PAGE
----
Attenborough: City wildlife is a joy of paramount importance to our future – Published in the Evening Standard


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David Attenborough is known the world over for marvelling at exotic creatures in far-flung habitats.

But the veteran conservationist and broadcaster insists that he gets just as much pleasure from the splendour of London’s wildlife, including birds and insects in his garden.

His latest television series breaks new ground as it explores the city as an ecosystem, with films from New York, Singapore and Hong Kong.

Sir David said he has also been inspired by the incredible changes he has witnessed in the capital.

“When I moved here, the River Thames was a sewer,” he said.

“If you fell into it, you’d get disease.

“People said this shouldn’t be, and they sorted out the problems of sewage disposal and now there are all sorts of birds. Where I live, I can see kingfishers.”

The 90-year-old naturalist has lived in Richmond for 65 years and in 2013 described it as his favourite place on Earth “by a long way”.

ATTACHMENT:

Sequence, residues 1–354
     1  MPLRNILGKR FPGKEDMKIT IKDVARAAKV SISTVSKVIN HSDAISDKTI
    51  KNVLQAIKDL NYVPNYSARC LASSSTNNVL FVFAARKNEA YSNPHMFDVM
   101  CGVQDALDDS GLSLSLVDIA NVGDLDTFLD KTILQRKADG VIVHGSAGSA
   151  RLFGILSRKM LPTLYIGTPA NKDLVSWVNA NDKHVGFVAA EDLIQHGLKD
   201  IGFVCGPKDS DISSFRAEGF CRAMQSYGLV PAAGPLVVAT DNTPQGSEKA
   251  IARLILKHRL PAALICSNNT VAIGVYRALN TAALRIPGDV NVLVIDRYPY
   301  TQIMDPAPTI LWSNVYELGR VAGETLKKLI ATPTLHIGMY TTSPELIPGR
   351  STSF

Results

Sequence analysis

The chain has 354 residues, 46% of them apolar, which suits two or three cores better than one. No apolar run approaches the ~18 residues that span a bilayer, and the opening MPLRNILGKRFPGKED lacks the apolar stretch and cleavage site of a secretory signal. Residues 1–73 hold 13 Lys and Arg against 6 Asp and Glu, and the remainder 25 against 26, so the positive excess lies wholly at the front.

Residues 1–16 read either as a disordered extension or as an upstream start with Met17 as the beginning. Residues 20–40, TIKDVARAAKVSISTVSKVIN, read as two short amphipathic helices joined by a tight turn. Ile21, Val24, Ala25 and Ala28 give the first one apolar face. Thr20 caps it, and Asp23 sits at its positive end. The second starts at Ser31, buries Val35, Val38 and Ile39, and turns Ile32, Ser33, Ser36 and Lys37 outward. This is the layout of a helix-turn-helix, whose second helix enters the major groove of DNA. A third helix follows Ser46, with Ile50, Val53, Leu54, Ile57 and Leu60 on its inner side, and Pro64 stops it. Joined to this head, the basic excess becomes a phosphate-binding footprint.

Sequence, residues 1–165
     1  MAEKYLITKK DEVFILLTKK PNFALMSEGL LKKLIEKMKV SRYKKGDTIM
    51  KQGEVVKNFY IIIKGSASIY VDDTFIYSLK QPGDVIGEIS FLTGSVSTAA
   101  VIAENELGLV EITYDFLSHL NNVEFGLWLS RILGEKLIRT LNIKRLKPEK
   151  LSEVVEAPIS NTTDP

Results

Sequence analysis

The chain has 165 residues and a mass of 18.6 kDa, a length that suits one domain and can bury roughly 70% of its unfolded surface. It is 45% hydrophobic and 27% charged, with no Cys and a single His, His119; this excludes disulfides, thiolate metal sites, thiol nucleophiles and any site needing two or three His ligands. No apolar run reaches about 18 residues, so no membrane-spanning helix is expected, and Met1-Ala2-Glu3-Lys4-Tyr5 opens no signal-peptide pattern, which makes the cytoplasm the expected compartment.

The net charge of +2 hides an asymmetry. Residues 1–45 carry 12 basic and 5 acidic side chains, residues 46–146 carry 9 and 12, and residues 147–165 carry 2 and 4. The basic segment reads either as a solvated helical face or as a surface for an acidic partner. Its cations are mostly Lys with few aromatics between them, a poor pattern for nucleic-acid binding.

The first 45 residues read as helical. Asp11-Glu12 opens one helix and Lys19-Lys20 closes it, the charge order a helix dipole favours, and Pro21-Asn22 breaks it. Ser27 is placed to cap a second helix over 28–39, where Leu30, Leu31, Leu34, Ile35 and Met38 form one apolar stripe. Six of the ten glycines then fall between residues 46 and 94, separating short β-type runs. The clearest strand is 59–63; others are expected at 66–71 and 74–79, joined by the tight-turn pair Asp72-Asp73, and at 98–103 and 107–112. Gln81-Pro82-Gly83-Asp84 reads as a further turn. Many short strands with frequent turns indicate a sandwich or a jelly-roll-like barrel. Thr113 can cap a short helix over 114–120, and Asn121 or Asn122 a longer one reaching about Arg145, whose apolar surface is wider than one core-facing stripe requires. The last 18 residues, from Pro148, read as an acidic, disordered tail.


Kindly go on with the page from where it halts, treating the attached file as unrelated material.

He said London’s gardeners once had only lawns “and then just geraniums as though it was something in a town square”, but his garden is akin to a meadow.

“We have wild English flowers and we get not only butterflies but we get all sorts of insects. I’ve got a pond, which has dragonflies in it — which gives me joy every spring. And that’s in the middle of London,” he said.

“We are getting more and more ways of providing nest sites for birds and roost sites for bats. A lot can be done.”

He added: “The United Nations says more people now live in cities than anywhere else. And more people are out of touch with the natural world than there has ever been.

“A lot of people don’t see anything of the natural world unless it’s a rat or a pigeon but since we depend on it, understanding and sympathy for [wildlife] is absolutely paramount to our future.”

Planet Earth II, the follow-up to a BBC series first shown 10 years ago, starts on Sunday and examines six ecosystems using state-of-the-art cameras and drones.

In a first for a landmark wildlife series, cities are studied as an animal habitat, as well as islands, jungles, mountains, deserts and grasslands.

The final hour-long episode is devoted to the urban environment and Sir David wraps up the series with one of his trademark monologues delivered from the top of the Shard.

To coincide with the launch of the series, Sir David’s life’s work has been turned into an app. The Story of Life — the largest digital release of its kind — will have more than 1,000 pieces of footage searchable by habitat, species and behaviour and will be available free on iOS and Android.

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